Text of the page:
Worldwide analysis ‘a major step’ in understanding genetics of Type 2 diabetes

Findings include 40 genes never reported, from diverse population base.

Researchers say studying genetic traits of large groups of people with Type 2 diabetes has potential to identify and treat those with the disease, according to a new study.

A meta-analysis of 122 genome-wide association studies “is a major step toward the ultimate goal of identifying novel genes and understanding the biology of the disease, which has the potential to help scientists develop new treatments,” the researchers said in a press release.

It is also a milestone in creating “genetic risk scores” to identify people who are more predisposed to develop Type 2 diabetes, regardless of their population background, according to the researchers.

“Our findings matter because we’re moving toward using genetic scores to weigh up a person’s risk of diabetes,” co-author Cassandra Spracklen, PhD, assistant professor of biostatistics and epidemiology in the UMass Amherst School of Public Health and Health Sciences, said in a press release.

The analysis identified 117 genes that are likely to cause type 2 diabetes, with 40 of those not reported before, said co-author Anubha Mahajan, PhD, professor at Oxford University. “That is why we feel this constitutes a major step forward in understanding the biology of this disease,” Mahajan said in the press release.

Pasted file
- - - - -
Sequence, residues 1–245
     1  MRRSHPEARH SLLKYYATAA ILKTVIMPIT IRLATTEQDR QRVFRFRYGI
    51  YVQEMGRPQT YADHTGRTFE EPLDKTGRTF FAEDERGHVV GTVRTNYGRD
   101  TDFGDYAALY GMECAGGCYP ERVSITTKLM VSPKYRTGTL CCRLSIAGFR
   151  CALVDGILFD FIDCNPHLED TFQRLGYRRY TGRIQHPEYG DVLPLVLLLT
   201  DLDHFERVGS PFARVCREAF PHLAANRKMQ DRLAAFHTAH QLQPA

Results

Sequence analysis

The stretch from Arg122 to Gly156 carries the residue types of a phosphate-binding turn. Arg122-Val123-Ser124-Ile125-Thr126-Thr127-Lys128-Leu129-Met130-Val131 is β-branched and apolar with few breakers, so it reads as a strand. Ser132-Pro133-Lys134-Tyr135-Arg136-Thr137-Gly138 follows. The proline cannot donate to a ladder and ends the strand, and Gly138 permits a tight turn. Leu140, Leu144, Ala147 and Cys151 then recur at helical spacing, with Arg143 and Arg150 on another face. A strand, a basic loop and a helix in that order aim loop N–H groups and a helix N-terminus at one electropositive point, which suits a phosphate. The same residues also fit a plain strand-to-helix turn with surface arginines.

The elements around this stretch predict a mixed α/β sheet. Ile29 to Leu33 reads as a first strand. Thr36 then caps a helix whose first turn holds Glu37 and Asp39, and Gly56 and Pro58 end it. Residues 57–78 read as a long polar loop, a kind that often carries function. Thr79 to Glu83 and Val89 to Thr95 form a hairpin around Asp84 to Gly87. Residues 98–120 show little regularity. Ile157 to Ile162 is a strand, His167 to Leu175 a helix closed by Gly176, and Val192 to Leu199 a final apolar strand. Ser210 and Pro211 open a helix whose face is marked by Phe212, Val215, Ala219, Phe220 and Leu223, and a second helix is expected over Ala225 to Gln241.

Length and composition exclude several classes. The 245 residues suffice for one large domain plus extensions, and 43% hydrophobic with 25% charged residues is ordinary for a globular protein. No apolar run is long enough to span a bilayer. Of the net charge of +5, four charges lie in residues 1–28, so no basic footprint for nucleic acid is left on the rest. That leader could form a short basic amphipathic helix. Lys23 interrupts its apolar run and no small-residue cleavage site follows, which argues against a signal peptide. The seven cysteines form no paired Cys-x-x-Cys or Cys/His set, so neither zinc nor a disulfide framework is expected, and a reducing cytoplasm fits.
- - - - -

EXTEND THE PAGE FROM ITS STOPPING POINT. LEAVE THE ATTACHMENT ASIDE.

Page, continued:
The researchers, with the Diabetes Meta-Analysis of Trans-Ethnic association studies (DIAMANTE) Consortium, compared DNA of almost 181,000 people with Type 2 diabetes with 1.16 million people who did not have the disease.

Genome-wide association studies search the human genome for genetic markers called single nucleotide polymorphisms to look for differences between people with and without a disease. “The technique allows scientists to scientists to zero in on parts of the genome involved in disease risk, which helps pinpoint the genes that cause the disease,” the researchers said.

Historically, the largest genome studies of Type 2 diabetes involved DNA of people of European descent. The DIAMANTE Consortium assembled the world’s most diverse collection of genetic information about Type 2 diabetes, with more than 48 percent of people from East Asian, African, South Asian and Hispanic population groups, the researchers said.

“Because our research has included people from many different parts of the world, we now have a much more complete picture of the ways in which patterns of genetic risk for Type 2 diabetes vary across populations,” study co-author Mark McCarthy, MD, professor at Oxford University, said in the press release.

The study, titled “Multi-ancestry genetic study of type 2 diabetes highlights the power of diverse populations for discovery and translation,” was published May 12 in the journal Nature Genetics.